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KERRYN GOLDSWORTHY, WRITING IN AN ARTICLE ABOUT Thea Astley, noted that Many writers wear an invisible charm bracelet, dangling special words which have become for them the repositories of meanings far beyond their value in ordinary verbal currency-words that emit, from within the context of each writer's work, a kind of semiotic radiance" (482). The word that Goldsworthy had in mind was "acolyte", a word that certainly does feature in Astley's fiction, most notably in her novel The Acolyte. There is, however, another word--"nothing"--that is used with even greater frequency and distinctiveness by Astley, and which apparently did carry for her a "semiotic radiance", serving her fiction with the carriage of quite particular meaning.
In seeking to understand the source of that "semiotic radiance" we can refer to Eduardo Cadava's observation that "there is no word or image that is not haunted by history." (xvi) I believe that for Astley "nothing" is indeed a word haunted by history, and that in turn the word haunts her fiction with our knowledge of that history.
The history that haunts Astley's use of "nothing" is the colonial and postcolonial experience of Australian space. That the concept of "nothing(ness)" is deeply embedded in the Australian imaginary hardly requires stressing. It is grounded in the void at the heart of the continent, a theme that is reiterated time-and-again in those great ur-texts of our understanding of Australian space, the explorers' journals. Charles Sturt, John McDouall Stuart, Ernest Giles and many others, set of in search of something, and returned to tell the world that they had, in effect, found nothing. Whereas they dreamed of discovering empire-expanding geography in the form of an inland sea and land suited to agricultural abundance, they encountered instead a void. In his journal Stuart employed an appropriate refrain to express the nature of the landscape:
[...] there is nothing visible but the dark blue line of the horizon. (89) [...] to the eastward I can see nothing but horizon. (112) [...] Between the island and the point I can see nothing but horizon. (113) [...] I could see [...] nothing but a line of dark-green wood on the horizon. (270) (1)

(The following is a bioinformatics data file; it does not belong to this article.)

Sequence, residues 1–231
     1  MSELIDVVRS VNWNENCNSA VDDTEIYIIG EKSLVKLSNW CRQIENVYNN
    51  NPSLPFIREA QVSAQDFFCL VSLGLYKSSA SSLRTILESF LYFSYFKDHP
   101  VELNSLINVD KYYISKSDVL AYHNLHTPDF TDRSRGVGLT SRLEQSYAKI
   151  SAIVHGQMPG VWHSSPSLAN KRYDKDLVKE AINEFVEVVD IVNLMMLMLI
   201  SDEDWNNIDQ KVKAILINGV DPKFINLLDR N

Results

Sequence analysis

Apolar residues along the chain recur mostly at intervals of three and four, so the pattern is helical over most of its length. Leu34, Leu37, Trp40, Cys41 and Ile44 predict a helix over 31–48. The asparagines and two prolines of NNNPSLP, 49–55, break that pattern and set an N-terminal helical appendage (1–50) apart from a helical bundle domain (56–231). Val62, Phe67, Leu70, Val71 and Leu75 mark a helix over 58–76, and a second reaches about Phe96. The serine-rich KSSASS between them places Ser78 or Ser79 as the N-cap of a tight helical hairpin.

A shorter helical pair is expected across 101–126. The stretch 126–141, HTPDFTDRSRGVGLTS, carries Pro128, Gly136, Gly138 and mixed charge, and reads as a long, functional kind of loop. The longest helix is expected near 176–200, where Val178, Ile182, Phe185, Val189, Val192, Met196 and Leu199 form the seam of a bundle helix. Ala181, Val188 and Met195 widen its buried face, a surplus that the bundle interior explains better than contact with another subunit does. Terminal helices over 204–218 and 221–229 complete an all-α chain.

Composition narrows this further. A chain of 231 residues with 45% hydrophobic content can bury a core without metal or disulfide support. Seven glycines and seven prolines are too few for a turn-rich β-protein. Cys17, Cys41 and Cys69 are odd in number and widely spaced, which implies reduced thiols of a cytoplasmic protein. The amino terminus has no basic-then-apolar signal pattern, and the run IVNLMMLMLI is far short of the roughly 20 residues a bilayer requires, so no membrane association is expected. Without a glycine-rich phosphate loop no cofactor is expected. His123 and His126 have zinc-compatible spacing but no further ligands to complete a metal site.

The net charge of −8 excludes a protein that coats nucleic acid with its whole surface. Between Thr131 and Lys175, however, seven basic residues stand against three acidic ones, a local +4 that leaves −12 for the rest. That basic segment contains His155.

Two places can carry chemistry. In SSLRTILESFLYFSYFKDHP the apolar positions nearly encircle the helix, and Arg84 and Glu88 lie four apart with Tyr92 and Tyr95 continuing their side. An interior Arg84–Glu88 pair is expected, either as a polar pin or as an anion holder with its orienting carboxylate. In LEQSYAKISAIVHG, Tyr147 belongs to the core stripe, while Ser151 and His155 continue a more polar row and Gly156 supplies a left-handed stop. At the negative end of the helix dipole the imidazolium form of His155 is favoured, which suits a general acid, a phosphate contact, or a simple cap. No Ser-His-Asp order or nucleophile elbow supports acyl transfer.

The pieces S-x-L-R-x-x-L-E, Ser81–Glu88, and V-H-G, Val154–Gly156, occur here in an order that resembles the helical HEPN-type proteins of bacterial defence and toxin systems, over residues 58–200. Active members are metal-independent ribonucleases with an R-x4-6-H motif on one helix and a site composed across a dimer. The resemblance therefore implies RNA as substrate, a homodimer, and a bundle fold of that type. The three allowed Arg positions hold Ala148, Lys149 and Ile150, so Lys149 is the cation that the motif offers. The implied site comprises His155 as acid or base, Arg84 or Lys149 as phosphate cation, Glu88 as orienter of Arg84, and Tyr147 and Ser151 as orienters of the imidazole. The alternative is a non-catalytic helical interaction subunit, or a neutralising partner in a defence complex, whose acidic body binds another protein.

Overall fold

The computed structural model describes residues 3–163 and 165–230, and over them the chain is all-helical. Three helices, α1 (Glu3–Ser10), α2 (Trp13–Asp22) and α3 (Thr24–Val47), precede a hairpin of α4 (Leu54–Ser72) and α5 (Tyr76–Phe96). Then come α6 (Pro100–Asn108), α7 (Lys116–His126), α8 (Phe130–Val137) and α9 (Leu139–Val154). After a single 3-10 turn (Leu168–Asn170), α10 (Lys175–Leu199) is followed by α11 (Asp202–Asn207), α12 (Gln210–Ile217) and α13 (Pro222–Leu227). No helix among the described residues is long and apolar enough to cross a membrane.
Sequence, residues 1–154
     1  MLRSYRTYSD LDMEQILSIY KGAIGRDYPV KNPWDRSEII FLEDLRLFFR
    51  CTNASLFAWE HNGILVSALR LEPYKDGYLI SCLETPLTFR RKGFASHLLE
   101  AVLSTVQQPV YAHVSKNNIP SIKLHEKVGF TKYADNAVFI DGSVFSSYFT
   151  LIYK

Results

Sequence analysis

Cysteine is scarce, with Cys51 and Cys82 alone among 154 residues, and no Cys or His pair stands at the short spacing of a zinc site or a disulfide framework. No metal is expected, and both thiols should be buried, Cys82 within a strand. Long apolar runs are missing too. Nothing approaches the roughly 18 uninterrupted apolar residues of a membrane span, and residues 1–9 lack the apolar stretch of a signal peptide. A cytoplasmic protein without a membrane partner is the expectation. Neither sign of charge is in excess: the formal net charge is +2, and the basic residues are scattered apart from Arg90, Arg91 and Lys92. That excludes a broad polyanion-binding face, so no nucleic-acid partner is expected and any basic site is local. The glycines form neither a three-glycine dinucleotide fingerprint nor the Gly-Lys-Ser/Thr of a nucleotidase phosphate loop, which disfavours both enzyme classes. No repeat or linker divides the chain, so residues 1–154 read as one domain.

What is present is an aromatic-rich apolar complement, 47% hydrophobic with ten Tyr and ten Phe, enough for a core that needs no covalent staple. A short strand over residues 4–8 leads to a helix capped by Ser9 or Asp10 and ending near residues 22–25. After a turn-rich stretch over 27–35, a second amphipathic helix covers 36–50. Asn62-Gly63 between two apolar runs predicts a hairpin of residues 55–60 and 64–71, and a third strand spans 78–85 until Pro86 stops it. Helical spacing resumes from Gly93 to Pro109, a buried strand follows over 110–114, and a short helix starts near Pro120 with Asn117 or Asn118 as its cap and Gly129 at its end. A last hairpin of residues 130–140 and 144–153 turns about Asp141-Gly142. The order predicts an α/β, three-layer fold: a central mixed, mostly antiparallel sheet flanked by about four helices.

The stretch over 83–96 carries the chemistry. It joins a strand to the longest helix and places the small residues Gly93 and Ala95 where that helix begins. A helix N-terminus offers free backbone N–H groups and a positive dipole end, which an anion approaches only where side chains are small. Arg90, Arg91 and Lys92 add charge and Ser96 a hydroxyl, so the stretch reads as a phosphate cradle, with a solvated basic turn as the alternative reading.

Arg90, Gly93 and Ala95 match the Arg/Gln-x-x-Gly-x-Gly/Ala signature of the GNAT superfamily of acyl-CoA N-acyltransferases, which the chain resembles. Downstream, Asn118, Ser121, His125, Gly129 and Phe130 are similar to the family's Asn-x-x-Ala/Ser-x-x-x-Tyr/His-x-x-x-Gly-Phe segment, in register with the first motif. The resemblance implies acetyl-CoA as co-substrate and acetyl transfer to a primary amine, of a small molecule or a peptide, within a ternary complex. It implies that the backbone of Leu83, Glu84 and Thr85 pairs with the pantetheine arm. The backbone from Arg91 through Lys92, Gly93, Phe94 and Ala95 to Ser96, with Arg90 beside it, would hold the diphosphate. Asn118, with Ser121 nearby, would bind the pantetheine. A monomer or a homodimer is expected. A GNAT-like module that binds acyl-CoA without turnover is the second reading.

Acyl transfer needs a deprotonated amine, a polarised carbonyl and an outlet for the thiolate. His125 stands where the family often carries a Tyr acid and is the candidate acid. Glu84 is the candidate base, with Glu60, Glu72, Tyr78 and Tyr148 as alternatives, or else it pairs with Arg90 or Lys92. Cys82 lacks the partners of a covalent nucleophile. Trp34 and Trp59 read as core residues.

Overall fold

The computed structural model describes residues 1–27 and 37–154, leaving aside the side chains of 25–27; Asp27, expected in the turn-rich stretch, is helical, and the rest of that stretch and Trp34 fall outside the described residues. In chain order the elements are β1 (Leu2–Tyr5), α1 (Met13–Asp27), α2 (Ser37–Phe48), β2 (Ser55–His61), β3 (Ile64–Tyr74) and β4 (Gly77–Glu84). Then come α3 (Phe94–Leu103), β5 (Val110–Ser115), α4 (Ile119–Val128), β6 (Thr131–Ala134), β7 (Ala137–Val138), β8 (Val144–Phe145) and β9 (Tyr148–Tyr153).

Certainly the idea of the physical void, the nothing, took hold and became manifest in many representations of the continent. Christina Stead, in the prologue to For Love Alone, wrote of "the salt-crusted bed of a prehistoric sea, and leafless mountain ranges. There is nothing in the interior" (1); and in Tourmaline, Randolph Stow describes a space where, "There was no town, no hill, no landscape. There was nothing." (220)
And you didn't need long exposure to Australia, or to travel to the heart of the continent, to encounter and recognize the threat of nothing. In D. H. Lawrence's Kangaroo, Somers, alone at night, experiences the nothingness of the West Australian bush.
He looked at the weird, white, dead trees, and into the hollow distances.... Nothing! Nothing at all. He turned to go home. And then immediately the hair on his scalp stirred and went icy cold with terror. What of? He knew quite well it was nothing.... (9)
Nothingness is embedded in the helmeted and eye-less gaze of Sidney Nolan's Ned Kelly paintings; in the barren and withholding heart of Henry Lawson's stories; it is at the core of the novel and film of Joan Lindsay's Picnic at Hanging Rock. The presence of nothing is also palpable in Ross Gibson's Seven Versions of an Australian Badland, in the book's harrowing scrutiny of the same central Queensland hinterland that features in so much of Astley's fiction. As Gibson writes, "you could close your eyes and breath minutes of nothing. Or nothing that I'd give name to." (26)
Nothingness is not, however, necessarily a dystopian experience, for although it is frequently internalized in ways that are unsettling or alienating, it is also capable of being embraced for its redemptive quality. Philosopher Richard Campbell's observation made in the course of his contemplation of Australian space that, "the absence of God is not nothing; it is the particular mode of his presence" (188), comfortably retains its meaning if inverted; nothing is not the absence of God, it is the particular mode of his presence.
It is because of its capacity to be internalized, however, that nothingness manifests itself as more than just geographic space, and has come to represent something intrinsic about the way in which that space is occupied. As a consequence, the characteristic of nothingness has frequently been used metaphorically to express the manner in which Australians relate to their world and to each other. When Ernestine Hill writes of "the great Australian loneliness"; Patrick White "the great Australian emptiness" (15); W. E. H. Stanner "the great Australian silence" (18), and Manning Clark "the …